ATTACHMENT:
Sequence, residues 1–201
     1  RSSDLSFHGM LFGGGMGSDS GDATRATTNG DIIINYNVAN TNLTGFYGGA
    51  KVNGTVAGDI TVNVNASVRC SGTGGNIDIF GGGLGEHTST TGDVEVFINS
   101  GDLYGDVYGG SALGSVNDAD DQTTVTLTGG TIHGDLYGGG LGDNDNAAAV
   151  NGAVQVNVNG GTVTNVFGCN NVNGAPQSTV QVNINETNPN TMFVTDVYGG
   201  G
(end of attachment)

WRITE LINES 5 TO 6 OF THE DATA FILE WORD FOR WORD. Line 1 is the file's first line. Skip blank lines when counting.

   151  NGAVQVNVNG GTVTNVFGCN NVNGAPQSTV QVNINETNPN TMFVTDVYGG
   201  G